Army Chief General Bipin Rawat interacting with family members of Kargil War martyrs during a function to commemorate the 20th anniversary of the war at Drass on Friday (Photo: ANI)
Army Chief General Bipin Rawat interacting with family members of Kargil War martyrs during a function to commemorate the 20th anniversary of the war at Drass on Friday (Photo: ANI)

20 years of Kargil War: Army Chief warns Pak not to repeat the 'misadventure'

  • General Bipin Rawat issued a stern warning to Pakistan saying it will get a 'bloodier nose' if it chooses to go into another war with India
  • 26 July is celebrated as Kargil Vijay Diwas every year to mark India's triumph over Pakistan on this day in 1999

New Delhi: Indian Army chief Bipin Rawat on Friday warned Pakistan against any repeat of an intrusion into Indian territory two decades ago stating that Pakistan would get a "bloodier nose" if it did so.

Rawat’s warning came on the 20th anniversary of the Kargil conflict between India and Pakistan commemorated on 26 July every year. More than 500 soldiers died in India’s attempt to clear military posts routinely vacated by Indian troops during winter months in the Kargil mountains at heights of 18,000 feet (5,486 metres). India has since then not left the posts unmanned.

"This (Kargil) was a misadventure. Misadventures should not be repeated. You will get a bloodier nose next time," Rawat said referring to Pakistan at a media briefing in Indian Kashmir, news reports said.

Prime Minister Narendra Modi led the country in paying homage to Indian soldiers killed in the two month long war in the icy mountains of Kashmir’s Kargil region. Early on Friday, Modi tweeted a photo from 1999 when he said he went to Kargil to "show solidarity with our brave soldiers". He paid tributes to the "mighty warriors who sacrificed everything to defend the motherland".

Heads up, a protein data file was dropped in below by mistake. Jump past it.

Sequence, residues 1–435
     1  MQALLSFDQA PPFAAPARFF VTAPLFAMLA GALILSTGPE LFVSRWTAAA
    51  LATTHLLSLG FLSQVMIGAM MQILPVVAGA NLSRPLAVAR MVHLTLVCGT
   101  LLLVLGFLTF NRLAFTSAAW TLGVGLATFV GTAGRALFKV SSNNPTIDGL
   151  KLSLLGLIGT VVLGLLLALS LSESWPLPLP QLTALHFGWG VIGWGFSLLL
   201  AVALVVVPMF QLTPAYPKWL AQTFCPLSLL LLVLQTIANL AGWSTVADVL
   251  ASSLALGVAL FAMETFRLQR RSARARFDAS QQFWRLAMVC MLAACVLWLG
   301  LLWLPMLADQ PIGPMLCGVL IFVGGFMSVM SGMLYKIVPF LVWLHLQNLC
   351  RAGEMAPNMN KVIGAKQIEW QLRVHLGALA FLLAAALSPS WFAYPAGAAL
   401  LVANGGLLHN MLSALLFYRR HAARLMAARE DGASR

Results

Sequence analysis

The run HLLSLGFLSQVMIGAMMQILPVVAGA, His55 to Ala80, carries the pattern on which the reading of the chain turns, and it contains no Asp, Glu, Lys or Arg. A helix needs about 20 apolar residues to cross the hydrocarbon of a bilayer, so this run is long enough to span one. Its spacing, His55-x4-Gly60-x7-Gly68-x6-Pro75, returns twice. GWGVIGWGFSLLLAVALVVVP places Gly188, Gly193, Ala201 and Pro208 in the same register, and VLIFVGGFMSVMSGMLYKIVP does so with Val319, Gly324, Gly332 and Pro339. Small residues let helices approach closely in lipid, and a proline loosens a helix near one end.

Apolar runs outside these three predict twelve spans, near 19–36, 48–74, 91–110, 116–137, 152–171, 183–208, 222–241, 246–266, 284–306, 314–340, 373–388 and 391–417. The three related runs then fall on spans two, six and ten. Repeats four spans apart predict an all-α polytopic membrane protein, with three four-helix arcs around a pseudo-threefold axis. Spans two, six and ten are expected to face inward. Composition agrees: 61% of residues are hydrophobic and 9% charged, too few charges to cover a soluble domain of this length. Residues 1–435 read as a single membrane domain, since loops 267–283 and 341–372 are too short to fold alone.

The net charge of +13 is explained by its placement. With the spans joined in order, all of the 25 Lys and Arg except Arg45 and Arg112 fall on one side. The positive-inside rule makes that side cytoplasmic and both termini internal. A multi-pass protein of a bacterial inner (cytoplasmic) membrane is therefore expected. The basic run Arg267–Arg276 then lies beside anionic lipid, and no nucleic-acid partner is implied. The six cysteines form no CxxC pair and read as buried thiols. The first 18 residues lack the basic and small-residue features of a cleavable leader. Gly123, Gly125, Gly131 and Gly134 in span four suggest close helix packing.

In his remarks in Parliament, Defence Minister Rajnath Singh said: "Our neighbouring country (Pakistan) cannot fight a full- fledged war or a limited war with India. It is fighting a proxy war."

The Kargil conflict is seen as the fourth war fought between India and Pakistan and the third over the Himalayan region of Kashmir that Pakistan claims in its entirety. The two countries had previously fought two wars in 1947 and 1965 over Kashmir while their third war in 1971 led to the bifurcation of Pakistan and the birth of Bangladesh.

India accuses Pakistan of fomenting an Islamic insurgency in Kashmir, a charge Pakistan denies though it admits to extending moral and political support to what it calls the “freedom struggle in Kashmir."

Ties hit a new low in February when a suicide car bomb attack, perpetrated by a recruit from the Pakistan-based Jaish-e-Mohammed terrorist group, against an Indian security convoy killed 40 paramilitary personnel.

New Delhi has refused to restart talks with Pakistan to resolve its disputes unless Pakistan takes 'concrete' and 'irreversible' action against terrorist groups operating against India from its soil.

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